There was conflict between Roman and "Greek" Christians and between different sects of Islam but this would have beyond the comprehension of most I'd suspect even if it did get in the way of Persians supporting the efforts of the Turks to drive out Venetian/Genoese settlements or Western nations coming to the aid of Constantinople in 1453.
It might well have been that once it had been established that a single Indian was not really a French spy or a Dutch brewer and knew the Creedo they would have been ignored as an irrelevence. It used to be the same where I came from nobody cared a hoot about the Vietnamese families that moved in once they established they weren't left footers or bowler hat wearers, I guess both sides figured they'd still be there to give a good kicking once they had settled the important task of doing over the Fenians or Proddies down the road and never got around to it.


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behanner
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Re: Asians in C15 England

Postby behanner » Fri Aug 06, 2010 7:41 pm

Just as a note to Marcus's post. The end of the 15th century is actually traditionally considered a turning point in the evolution of the ideas of modern racism. As Marcus points out traditionally in western Christianity once you a baptized convert you are Christian. Due to the number of Jews and to a lesser extent Muslims in Spain in this period that converted or forcefully converted to Christianity and the amount of them that may have hidden their true religion the idea that a Jew who converted might not be as Christian as a born Christian emerges. And the idea grows from there.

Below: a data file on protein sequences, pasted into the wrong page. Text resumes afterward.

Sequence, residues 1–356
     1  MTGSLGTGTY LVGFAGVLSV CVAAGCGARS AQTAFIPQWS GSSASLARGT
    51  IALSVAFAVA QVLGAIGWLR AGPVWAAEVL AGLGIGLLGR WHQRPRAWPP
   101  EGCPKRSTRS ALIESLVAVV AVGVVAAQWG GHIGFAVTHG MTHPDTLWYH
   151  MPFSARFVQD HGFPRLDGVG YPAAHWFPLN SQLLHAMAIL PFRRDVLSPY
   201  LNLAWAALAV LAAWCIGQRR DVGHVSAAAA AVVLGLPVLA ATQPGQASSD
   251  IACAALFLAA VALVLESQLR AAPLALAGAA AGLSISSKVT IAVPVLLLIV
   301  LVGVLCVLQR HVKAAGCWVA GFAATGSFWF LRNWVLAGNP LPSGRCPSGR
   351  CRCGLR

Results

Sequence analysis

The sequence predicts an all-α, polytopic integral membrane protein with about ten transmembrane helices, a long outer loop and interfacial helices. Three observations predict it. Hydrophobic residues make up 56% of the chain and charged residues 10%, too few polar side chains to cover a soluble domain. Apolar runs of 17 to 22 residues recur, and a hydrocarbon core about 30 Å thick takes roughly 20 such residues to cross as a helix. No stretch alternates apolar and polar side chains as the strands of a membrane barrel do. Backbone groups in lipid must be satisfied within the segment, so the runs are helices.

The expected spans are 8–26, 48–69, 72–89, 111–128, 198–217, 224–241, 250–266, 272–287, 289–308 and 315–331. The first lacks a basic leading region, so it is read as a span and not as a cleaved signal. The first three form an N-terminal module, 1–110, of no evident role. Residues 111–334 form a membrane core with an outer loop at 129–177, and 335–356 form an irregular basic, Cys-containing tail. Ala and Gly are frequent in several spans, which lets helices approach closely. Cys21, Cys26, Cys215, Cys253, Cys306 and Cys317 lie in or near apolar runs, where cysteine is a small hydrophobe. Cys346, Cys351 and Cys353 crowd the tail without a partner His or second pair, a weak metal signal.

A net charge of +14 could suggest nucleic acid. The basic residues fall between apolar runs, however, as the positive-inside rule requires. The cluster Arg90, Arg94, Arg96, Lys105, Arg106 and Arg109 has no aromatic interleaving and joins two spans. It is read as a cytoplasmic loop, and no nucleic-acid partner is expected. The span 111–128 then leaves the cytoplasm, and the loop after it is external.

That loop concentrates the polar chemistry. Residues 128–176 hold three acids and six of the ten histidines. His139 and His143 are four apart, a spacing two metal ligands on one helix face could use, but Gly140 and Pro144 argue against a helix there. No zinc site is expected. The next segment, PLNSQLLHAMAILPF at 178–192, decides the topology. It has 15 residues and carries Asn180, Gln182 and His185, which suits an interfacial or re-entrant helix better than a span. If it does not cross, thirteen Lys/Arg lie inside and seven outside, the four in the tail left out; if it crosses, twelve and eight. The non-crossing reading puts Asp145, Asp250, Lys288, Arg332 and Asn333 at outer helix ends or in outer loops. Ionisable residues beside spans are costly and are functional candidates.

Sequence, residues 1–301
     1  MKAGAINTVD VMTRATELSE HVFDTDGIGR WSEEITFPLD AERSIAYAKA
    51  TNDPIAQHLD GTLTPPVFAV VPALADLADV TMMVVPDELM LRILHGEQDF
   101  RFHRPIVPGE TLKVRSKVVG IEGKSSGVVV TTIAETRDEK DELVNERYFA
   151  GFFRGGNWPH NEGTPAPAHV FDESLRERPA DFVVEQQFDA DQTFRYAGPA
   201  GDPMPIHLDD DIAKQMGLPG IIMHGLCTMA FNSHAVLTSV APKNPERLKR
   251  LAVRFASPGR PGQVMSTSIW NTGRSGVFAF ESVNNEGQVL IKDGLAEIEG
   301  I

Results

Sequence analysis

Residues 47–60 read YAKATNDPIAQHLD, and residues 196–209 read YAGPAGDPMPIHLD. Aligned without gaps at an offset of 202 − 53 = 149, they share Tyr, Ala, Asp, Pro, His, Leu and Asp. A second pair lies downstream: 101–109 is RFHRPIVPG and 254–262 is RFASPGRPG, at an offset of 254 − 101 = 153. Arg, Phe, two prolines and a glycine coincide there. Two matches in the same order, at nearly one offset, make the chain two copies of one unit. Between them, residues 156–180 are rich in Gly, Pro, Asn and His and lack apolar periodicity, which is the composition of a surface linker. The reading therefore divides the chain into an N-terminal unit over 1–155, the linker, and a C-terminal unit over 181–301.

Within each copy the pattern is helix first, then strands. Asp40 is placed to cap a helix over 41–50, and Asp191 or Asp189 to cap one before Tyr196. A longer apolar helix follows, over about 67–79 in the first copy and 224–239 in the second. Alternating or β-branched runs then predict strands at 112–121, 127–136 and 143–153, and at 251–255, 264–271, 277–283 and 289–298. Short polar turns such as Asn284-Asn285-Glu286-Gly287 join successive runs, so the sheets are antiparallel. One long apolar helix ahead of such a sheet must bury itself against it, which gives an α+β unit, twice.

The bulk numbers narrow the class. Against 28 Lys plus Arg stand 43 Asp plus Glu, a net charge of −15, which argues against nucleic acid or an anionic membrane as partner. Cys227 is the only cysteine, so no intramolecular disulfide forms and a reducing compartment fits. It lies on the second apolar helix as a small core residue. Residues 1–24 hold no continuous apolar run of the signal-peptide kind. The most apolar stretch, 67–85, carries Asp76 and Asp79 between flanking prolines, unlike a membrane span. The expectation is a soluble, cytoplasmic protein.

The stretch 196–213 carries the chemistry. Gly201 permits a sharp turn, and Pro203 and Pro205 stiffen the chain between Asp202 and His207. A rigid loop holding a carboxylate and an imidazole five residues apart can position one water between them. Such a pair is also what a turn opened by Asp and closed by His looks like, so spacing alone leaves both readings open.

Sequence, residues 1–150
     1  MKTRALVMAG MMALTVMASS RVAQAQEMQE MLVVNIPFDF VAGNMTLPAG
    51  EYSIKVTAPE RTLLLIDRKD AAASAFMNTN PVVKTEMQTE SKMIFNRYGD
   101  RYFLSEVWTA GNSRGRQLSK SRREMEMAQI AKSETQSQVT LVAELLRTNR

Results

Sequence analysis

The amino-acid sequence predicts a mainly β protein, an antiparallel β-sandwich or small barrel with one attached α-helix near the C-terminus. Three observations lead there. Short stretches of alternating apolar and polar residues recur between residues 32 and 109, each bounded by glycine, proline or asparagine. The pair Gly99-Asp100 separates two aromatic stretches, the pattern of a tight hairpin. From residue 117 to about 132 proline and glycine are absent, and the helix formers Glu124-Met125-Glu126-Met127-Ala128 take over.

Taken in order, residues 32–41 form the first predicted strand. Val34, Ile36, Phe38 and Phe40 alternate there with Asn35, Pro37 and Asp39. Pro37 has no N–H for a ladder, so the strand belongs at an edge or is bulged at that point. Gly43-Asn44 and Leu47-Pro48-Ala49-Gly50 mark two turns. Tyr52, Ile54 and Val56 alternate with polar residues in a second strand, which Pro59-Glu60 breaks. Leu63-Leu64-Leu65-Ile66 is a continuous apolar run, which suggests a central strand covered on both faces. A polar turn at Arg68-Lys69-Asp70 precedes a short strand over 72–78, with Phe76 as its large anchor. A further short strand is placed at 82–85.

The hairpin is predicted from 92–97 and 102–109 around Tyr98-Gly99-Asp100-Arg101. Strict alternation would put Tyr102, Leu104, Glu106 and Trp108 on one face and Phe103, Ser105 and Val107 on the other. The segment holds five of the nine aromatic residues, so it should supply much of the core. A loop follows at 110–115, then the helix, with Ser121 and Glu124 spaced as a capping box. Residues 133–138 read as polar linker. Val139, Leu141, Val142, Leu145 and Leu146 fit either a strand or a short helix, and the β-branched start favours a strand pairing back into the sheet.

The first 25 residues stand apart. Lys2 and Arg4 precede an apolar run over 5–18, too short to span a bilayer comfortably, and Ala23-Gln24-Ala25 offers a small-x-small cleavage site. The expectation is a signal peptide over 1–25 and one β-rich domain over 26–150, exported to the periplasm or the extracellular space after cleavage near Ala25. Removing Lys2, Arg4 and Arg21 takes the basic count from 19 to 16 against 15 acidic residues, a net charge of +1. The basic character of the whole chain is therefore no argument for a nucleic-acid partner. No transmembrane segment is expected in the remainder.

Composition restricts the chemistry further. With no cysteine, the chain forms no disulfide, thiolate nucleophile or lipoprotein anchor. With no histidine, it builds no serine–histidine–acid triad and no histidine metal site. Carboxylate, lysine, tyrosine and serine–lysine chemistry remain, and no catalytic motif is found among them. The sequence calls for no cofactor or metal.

Marcus Woodhouse
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Re: Asians in C15 England

Postby Marcus Woodhouse » Sat Aug 07, 2010 12:16 pm

The Inquistion of the unified Spain spent most of its energies in the 1490's and 1500's engaged in studying the recentally converted Jews and Muslims, many of whom were expelled (or fled) to Turkey.
The situation in the Spain of Ferdinand and Isabella is quite similar to that in England of the 1450's.
Prior to the Reconquest Jews had been present at the various Iberian courts and while never equal in status were tolerated and protected as worthy subjects while even Fighting Orders such as the Knights of Santiagio made use of Muslim auxilleries and Muslim soldiers were frequently employed as mercenaries by princes in inter-state and civil wars (and were often seen as bein more trustworthy echoing a similar situation in Italy).
However a unified court was smaller and Jews were now seen as competators for rank and postions of power while Muslims were now a potential source of information and resistance fighters for an expaning Ottoman Empire.
As threats these two peoples now faced the same persecutions that had been the experience of similar communities across the rest of Europe combinened with the convictions of a crusader mentality that was still very fervent in Iberia whereas it had colled elsewhere. The result was not pretty for either the Moriscoes and Moorines or for the inhaitants of the lands of Africa or soon to be "discovered" America.